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Both apps are free and iBooks 2 will offer textbooks for $14.99 or less

Apple announced that it will reinvent the textbook at its education event this morning at the Guggenheim Museum in New York City.

Apple plans to do this through two brand-new apps: iBook Author, which is Mac software that will allow textbook writers and publishers to create textbooks for the iPad, and iBooks 2, which is the sequel to the iBooks app that will provide students with new study options like note-taking.

The new apps were demonstrated by Apple iWork Vice President Roger Rosner and Apple Senior Vice President of Worldwide Marketing Phil Schiller. Traditional textbooks were described as heavy and outdated, and Apple is looking to change that by bringing school books to the digital age.

"There is no reason that kids today should use the same tools they did in 1950," said Schiller. "One thing we hear louder than anything else is student engagement, inspiring kids to want to discover and learn. That's why we get excited to see student reactions to iPads in the classroom."

Apple will partner with textbook publishers like Pearson, McGraw Hill and Houghton Mifflin Harcourt to fulfill the new textbook category of the iBooks 2 app. Those three publishers combined make up about 90 percent of the textbooks out there, meaning the books available on iBooks 2 will be relevant to student needs.

The textbooks on iBooks 2 will be high school level books, and will be available for $14.99 or less at launch. These prices are expected to increase as the selection expands. The app, however, is free.

IBooks 2 also offers the ability to highlight passages, view videos and images, look up words in the dictionary, create flashcards,  and view 3D models.

As for iBooks Author, which is also a free app available through the iTunes store, authors will have complete freedom to lay out graphics and text for their textbook designs.

"In like five minutes flat, we created an ebook and deployed it to the iPad," said Schiller. "I hope you find that as inspiring and empowering as I do."

Students, authors and publishers aren't the only ones who can benefit from Apple's latest educational offerings. Apple also announced iPhone and iPad apps for iTunes U, which allows instructors to share videos, create syllabi and post notes for their classes.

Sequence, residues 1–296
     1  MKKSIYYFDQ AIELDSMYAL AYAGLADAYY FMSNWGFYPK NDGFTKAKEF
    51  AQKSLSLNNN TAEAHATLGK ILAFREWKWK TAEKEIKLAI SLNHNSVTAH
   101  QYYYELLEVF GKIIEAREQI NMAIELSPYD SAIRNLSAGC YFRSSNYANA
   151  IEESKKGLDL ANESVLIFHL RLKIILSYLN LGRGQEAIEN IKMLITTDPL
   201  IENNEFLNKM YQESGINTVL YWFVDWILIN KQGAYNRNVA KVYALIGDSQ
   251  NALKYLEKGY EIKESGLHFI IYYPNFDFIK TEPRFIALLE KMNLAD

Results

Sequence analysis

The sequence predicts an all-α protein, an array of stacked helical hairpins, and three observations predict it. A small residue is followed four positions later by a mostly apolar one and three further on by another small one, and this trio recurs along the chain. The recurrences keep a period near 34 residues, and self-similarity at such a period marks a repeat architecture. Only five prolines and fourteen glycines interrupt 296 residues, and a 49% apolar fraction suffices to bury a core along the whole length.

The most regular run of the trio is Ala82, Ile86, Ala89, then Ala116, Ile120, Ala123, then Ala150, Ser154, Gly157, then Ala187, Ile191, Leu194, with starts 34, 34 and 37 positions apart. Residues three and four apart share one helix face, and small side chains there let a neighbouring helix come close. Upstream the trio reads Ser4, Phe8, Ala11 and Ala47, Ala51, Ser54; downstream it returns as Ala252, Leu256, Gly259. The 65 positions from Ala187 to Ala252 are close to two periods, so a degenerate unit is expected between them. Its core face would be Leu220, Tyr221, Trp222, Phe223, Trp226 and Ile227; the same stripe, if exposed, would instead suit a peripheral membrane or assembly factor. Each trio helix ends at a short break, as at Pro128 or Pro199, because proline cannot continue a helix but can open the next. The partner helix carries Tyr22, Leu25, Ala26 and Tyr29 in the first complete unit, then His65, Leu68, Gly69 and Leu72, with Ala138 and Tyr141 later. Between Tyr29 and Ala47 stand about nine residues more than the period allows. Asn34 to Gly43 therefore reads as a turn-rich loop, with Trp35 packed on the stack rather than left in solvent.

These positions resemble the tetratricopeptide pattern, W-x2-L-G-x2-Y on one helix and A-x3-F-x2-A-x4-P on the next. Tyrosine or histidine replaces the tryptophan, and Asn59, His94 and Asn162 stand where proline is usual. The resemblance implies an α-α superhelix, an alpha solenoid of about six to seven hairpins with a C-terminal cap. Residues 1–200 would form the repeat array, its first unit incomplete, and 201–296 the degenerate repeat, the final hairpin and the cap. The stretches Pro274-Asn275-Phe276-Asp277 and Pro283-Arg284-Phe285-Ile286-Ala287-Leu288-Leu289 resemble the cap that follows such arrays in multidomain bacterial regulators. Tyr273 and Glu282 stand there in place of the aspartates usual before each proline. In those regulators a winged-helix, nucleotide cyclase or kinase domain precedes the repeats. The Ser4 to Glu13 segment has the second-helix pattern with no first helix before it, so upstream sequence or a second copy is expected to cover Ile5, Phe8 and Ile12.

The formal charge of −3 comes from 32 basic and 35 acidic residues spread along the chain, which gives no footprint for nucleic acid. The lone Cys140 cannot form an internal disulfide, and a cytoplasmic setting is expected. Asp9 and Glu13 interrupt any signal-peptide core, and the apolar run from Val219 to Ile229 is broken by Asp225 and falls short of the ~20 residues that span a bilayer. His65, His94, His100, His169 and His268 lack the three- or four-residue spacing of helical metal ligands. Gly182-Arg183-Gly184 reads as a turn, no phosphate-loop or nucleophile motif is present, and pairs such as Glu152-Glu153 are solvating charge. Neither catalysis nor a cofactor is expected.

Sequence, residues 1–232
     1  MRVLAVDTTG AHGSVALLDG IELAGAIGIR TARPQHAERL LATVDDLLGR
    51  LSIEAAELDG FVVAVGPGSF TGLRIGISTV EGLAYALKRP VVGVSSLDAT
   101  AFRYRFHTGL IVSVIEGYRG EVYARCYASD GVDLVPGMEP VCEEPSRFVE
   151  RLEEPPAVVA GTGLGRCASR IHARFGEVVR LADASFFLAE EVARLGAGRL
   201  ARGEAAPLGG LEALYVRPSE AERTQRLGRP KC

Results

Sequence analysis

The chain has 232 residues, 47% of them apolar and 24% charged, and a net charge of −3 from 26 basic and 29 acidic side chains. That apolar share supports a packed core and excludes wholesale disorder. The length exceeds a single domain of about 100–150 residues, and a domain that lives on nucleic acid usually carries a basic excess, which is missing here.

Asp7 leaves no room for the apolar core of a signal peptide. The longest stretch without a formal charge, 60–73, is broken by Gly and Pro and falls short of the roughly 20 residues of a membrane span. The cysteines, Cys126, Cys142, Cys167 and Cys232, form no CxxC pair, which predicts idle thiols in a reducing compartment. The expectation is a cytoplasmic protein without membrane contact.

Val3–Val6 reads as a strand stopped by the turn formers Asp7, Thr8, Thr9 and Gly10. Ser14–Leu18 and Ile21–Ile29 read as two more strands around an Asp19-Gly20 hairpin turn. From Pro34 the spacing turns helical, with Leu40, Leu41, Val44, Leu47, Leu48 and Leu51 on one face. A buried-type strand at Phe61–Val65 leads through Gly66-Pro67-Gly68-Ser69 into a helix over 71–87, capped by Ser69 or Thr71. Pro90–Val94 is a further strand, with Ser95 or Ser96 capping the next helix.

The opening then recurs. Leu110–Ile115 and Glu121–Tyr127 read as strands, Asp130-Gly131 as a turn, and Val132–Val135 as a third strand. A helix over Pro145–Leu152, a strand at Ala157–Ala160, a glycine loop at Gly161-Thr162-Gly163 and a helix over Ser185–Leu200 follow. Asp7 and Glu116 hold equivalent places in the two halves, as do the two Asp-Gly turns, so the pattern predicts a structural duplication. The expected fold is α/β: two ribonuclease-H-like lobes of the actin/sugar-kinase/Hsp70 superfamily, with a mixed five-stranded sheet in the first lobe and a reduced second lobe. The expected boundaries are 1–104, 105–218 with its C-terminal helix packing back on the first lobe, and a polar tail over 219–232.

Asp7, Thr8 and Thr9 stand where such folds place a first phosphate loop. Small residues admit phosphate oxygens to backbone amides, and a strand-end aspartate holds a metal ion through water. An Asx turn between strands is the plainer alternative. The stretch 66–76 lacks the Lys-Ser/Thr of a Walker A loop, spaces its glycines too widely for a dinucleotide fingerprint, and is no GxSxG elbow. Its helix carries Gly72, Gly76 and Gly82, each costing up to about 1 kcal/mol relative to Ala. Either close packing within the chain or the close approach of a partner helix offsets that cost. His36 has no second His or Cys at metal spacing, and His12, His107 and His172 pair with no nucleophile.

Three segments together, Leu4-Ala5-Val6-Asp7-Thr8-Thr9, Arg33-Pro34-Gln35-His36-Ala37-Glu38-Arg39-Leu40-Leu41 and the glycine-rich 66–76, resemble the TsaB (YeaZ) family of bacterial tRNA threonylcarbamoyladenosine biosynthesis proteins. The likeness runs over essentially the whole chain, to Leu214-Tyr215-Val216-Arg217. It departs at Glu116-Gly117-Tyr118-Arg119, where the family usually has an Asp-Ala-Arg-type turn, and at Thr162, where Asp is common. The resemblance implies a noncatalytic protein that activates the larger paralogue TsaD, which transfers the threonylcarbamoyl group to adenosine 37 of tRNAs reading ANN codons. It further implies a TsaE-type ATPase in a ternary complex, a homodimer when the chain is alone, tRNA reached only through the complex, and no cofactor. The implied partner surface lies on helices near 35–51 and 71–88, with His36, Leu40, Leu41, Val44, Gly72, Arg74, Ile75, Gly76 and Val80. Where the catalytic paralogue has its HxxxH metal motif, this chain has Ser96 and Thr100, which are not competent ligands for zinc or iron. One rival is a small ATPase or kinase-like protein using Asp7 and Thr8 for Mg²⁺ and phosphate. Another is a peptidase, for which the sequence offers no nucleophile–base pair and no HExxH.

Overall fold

About 1.5 million iPads are already used in school programs throughout the United States. There are over 20,000 education-related apps for the iPad, which will likely only increase from this point forward.

Sources: The Verge, Apple Insider



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RE: High School Level Books
By tastyratz on 1/19/2012 2:05:13 PM , Rating: 2
I think people are confusing direct with indirect costs. You might DIRECTLY pay for a book if you specifically damage it, but you INDIRECTLY purchased said book with your tax dollars beforehand anyways.
Any program to digitize and minimize book costs I find in favor of. Whether or not high schoolers can be trusted with ipads enough to offer a true ROI, or if ipad repairs/replacements/upgrades end up costing more than books I do not know.

Now if only these books were made available to the kindle etc. it might be a little more in public interest.


RE: High School Level Books
By V-Money on 1/19/2012 2:20:01 PM , Rating: 3
I agree, except for the issue that you are still paying for the physical textbooks indirectly and now you can pay even more money directly for these digital copies. I was excited until I read that it was only for high school books (I know it will eventually be for college level, but for a much higher cost, and kindle is heading that direction anyways).

I could see the promise behind this, I would definitely have no issue paying to get out of carrying all those heavy books, but I do have an issue with paying the huge amount of money on a Apple device I'd rather not have since I already have a kindle and a tablet with kindle on it.


"This week I got an iPhone. This weekend I got four chargers so I can keep it charged everywhere I go and a land line so I can actually make phone calls." -- Facebook CEO Mark Zuckerberg














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